Moocs and educational reform: State legisation is pushing for higher education online; giving credit for online courses ; univ as place of researach led to high cost we know today.

Some things better suited for online such as manipulation and visualization of data; other things still better in class such as speaking and presenations; still need humans to evaluate writing; big bulk of research still in person because learning needs to be hands on.

Blending for success: near future best education will combine the online and offline; Clay christenson said there is possibility that blending learning will eventually lead to completely online education.

In the beginning: they talked about flipped classes; useonline for lecture and first order learning, use in class for higher order learning; facutty development in online, offline, and blended learning will be key to its success.

From credentials to speedier degrees: colleges may use online for introductory courses; this would reduce time to finish; class time could be used for discussions and advanced research; things that online does not do well: discussion seminars, research, writing, and student faculty interactions; big challenge/uncertainty is going to be what’s going to happend to traditional f2f universities.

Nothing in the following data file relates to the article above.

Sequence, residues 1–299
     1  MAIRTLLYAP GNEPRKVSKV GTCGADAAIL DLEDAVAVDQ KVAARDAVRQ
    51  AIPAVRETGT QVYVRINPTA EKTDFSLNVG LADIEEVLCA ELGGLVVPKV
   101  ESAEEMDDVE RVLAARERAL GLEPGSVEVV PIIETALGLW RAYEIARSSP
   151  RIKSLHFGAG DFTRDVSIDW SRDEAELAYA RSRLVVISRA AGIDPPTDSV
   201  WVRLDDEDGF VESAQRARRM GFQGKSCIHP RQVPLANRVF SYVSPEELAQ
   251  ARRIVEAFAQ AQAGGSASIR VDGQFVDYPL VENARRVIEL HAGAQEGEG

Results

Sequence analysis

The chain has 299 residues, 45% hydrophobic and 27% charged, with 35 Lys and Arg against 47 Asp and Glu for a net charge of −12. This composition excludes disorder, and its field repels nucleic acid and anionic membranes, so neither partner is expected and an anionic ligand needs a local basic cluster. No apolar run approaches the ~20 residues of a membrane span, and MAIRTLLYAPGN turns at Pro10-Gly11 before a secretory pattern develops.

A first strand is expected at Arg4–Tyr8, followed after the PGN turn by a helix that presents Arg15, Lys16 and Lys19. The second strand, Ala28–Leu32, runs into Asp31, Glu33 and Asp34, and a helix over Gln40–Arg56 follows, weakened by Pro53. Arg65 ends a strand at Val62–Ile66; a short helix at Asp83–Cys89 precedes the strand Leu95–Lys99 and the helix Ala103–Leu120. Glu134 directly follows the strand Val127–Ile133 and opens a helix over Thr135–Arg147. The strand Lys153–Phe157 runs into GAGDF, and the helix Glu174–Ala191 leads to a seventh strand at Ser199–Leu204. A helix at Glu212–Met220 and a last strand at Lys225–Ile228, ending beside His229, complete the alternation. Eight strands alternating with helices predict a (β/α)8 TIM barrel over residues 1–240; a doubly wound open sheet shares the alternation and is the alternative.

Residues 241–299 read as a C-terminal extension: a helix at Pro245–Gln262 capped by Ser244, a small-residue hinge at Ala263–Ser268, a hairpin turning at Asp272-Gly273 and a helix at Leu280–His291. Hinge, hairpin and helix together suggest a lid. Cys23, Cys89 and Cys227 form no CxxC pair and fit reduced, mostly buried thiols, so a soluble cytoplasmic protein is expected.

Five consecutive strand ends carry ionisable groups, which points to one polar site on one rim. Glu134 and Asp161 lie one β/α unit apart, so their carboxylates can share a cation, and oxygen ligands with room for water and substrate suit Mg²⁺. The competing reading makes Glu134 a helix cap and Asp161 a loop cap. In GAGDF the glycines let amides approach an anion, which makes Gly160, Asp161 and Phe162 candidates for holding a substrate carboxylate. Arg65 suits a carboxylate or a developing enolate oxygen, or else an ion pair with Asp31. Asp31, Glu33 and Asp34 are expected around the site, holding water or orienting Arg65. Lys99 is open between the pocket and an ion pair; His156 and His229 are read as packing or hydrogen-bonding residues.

Evolving business model: online courses expensive to develop; require interactivity; textbook publishers also entering online education; online is good at providing content and information, making assessment; offline good at discussion, mentoring, research

 

Edtech 522 Module 6 Reflection

In EDTECH 522 there were three aspects of technology that I found to be particularly helpful in my development as an educational technologist. One was evaluating online tools. The exercise provided a systematic method for evaluating the effectiveness of an online tool, which included examining how the tool could satisfy instructor, cognitive, and social presence. I found it to be helpful because it’s an exercise that I will utilize regularly in this field as I will encounter many learning and teaching tools.